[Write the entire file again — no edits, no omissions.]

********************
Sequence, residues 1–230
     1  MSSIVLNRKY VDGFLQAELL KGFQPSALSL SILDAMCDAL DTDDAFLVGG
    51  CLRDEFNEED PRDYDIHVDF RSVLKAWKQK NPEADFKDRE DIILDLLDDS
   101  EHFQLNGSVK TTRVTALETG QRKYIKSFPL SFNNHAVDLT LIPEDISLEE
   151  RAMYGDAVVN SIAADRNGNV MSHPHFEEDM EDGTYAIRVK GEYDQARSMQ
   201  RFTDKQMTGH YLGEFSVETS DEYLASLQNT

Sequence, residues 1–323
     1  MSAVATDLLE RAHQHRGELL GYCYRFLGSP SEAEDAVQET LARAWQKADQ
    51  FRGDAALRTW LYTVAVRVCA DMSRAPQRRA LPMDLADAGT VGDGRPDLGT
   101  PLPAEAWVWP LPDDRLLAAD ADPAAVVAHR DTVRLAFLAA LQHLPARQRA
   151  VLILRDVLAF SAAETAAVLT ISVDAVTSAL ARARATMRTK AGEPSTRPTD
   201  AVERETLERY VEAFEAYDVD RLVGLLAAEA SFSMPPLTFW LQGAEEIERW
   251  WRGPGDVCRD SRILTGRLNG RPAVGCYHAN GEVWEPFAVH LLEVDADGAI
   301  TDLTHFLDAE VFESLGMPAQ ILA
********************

Sequence, residues 1–230
     1  MSSIVLNRKY VDGFLQAELL KGFQPSALSL SILDAMCDAL DTDDAFLVGG
    51  CLRDEFNEED PRDYDIHVDF RSVLKAWKQK NPEADFKDRE DIILDLLDDS
   101  EHFQLNGSVK TTRVTALETG QRKYIKSFPL SFNNHAVDLT LIPEDISLEE
   151  RAMYGDAVVN SIAADRNGNV MSHPHFEEDM EDGTYAIRVK GEYDQARSMQ
   201  RFTDKQMTGH YLGEFSVETS DEYLASLQNT

Sequence, residues 1–323
     1  MSAVATDLLE RAHQHRGELL GYCYRFLGSP SEAEDAVQET LARAWQKADQ
    51  FRGDAALRTW LYTVAVRVCA DMSRAPQRRA LPMDLADAGT VGDGRPDLGT
   101  PLPAEAWVWP LPDDRLLAAD ADPAAVVAHR DTVRLAFLAA LQHLPARQRA
   151  VLILRDVLAF SAAETAAVLT ISVDAVTSAL ARARATMRTK AGEPSTRPTD
   201  AVERETLERY VEAFEAYDVD RLVGLLAAEA SFSMPPLTFW LQGAEEIERW
   251  WRGPGDVCRD SRILTGRLNG RPAVGCYHAN GEVWEPFAVH LLEVDADGAI
   301  TDLTHFLDAE VFESLGMPAQ ILA